Too Little, Too Late on Gender Identity Protections?
September 13 2011 8:00 AM ET
In its legal settlement with Yang, the TSA agreed to require approximately 100 managers at LAX to attend sensitivity training on transgender issues as well as to pay Yang five months’ back wages and a five-figure settlement for pain and suffering. “We need to be aware of transgender issues not only for our coworkers but for passengers,” a TSA spokesman at LAX says of Yang’s settlement. Whether such diversity training will affect how TSA officials treat future transgender employees remains to be seen.
A federal law against workplace discrimination based on sexual orientation and gender identity would be a welcome step forward, although it has little or no chance of passage under the Republican-majority House of Representatives. A Democratic-controlled Congress even punted in the last session, with leaders continuing to assert that LGBT Americans wanted “don’t ask, don’t tell” repeal passed first. For many transgender people, who can’t serve in the military regardless of DADT’s repeal, that argument is particularly offensive.
“The more that ‘don’t ask, don’t tell’ was talked about and acted upon, the less they wanted to be concerned about us,” Monica Helms, cofounder of the Transgender American Veterans Association, said in January. “Now I see all this celebration. Everyone is patting each other on the back, and we’re saying, ‘Hello? Hello? What about us?’ ”
Particularly striking is the fact that though employment rights for LGBT people now draw support among a majority of Americans, most Americans think such protections are already in place. A full 73% of likely voters in the 2012 election support laws protecting gay, lesbian, bisexual, and transgender workers against on-the-job discrimination. Nine out of 10 respondents in a Center for American Progress poll last spring believed that Congress has already passed such legislation.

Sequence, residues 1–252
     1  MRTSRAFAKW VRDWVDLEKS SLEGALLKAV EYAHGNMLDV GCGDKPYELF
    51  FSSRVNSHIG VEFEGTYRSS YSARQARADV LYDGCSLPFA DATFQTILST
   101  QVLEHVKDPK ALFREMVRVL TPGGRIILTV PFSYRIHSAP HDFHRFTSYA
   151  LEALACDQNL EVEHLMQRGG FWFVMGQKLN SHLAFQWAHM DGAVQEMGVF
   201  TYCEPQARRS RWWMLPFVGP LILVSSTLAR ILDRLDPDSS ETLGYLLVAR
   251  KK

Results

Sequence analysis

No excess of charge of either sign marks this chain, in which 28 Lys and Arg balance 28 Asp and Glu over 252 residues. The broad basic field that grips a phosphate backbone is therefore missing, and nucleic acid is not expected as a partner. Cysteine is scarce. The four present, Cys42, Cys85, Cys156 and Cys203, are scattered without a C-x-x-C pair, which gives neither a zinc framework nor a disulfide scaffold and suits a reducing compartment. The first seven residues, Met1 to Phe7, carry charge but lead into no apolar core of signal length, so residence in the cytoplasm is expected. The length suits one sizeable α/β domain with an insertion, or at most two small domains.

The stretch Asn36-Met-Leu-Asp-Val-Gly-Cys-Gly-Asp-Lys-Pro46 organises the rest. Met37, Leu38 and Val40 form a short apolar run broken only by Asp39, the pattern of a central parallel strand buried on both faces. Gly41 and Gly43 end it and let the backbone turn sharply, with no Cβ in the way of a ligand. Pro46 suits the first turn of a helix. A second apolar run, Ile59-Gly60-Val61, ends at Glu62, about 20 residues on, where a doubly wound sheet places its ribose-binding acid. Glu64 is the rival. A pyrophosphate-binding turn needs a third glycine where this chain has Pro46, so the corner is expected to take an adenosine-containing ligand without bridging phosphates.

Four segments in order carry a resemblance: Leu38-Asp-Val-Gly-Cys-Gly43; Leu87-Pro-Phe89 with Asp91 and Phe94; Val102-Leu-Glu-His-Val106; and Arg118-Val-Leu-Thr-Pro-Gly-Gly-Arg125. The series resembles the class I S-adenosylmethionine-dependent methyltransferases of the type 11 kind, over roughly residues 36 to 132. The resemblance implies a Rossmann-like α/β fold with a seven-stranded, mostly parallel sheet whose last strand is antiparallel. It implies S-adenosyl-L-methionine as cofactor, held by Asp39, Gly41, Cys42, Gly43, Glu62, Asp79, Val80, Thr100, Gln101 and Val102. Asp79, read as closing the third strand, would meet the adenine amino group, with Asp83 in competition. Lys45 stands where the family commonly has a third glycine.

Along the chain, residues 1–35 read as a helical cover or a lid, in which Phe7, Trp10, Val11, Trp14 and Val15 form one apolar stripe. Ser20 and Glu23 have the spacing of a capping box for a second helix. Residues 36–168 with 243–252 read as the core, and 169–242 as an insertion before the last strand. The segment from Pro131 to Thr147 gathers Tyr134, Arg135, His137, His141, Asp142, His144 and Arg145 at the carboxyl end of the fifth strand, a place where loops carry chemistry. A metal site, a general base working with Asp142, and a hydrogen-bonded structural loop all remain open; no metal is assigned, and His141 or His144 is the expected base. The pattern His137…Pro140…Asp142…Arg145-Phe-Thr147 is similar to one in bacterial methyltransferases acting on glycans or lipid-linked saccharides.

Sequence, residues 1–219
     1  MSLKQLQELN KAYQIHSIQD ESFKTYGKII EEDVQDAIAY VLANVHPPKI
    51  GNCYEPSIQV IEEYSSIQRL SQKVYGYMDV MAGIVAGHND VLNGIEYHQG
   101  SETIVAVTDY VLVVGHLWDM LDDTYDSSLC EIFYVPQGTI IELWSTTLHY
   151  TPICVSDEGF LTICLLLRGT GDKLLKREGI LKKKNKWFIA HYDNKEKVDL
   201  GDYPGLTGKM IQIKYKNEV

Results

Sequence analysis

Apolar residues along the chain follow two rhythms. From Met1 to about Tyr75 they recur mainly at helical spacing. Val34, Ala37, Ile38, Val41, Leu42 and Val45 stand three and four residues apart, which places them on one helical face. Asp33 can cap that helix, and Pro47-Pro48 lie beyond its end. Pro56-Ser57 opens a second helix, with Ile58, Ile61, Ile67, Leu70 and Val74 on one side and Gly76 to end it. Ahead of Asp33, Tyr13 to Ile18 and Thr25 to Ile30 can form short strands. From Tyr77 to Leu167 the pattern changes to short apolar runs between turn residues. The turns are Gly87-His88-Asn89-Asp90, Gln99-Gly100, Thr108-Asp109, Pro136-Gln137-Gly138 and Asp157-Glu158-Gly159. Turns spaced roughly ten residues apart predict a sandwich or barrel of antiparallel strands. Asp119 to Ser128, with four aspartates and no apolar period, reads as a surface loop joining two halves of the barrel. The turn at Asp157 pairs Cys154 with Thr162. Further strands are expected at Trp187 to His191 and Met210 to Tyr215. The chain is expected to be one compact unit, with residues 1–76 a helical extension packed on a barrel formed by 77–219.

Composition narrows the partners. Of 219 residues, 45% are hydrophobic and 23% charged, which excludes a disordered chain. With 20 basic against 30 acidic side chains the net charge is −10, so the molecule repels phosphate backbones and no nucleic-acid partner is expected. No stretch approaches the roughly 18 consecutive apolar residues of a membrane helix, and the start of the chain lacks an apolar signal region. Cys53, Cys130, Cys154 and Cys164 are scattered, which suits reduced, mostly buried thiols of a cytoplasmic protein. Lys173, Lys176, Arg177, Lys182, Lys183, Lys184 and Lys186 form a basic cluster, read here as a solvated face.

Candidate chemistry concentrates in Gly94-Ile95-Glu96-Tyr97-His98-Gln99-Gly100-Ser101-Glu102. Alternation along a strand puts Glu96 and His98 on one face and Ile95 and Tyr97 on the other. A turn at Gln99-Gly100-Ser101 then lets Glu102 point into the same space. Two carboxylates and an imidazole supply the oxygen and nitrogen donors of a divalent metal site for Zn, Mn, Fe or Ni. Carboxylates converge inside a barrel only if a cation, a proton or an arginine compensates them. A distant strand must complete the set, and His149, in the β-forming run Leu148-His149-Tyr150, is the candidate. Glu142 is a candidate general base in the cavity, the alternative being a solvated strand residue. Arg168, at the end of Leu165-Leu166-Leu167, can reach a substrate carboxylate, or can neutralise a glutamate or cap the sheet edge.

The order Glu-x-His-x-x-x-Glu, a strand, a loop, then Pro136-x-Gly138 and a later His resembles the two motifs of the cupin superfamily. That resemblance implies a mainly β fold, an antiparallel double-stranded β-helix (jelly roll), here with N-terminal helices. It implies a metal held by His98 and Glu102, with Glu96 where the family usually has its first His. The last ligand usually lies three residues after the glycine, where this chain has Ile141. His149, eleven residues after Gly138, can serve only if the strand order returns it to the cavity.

“A confusing patchwork of state and local laws currently offer some protections to gay and transgender workers,” reports Jeff Krehely, director of the center’s LGBT Research and Communications Project. “Many of these policies only apply to gay people, while some are inclusive of transgender employees. Even with these policies, however, a federal law such as ENDA is needed to provide full and adequate protections to gay and transgender Americans.”
If there’s any bright spot for transgender workers, it’s that leading corporations are ahead of Washington on the issue. In its 2012 Corporate Equality Index, the Human Rights Campaign updated its criteria to require that companies offer a transgender-inclusive health plan to its workers in order to qualify for a 100% rating. Fortune 500 companies including Wells Fargo, Coca-Cola, Walt Disney Co., and American Airlines are among the more progressive on the issue. “This will be our first year including health benefits for gender reassignment procedures,” says Lauri Curtis, American Airlines' vice president for diversity, leadership, and engagement. “Despite rising medical costs, we work hard to ensure we offer competitive medical plans for all employees. … We took the time to review the various medical necessity guidelines and implemented those guidelines that were most comprehensive to ensure consistency for our employees and retirees using this benefit.”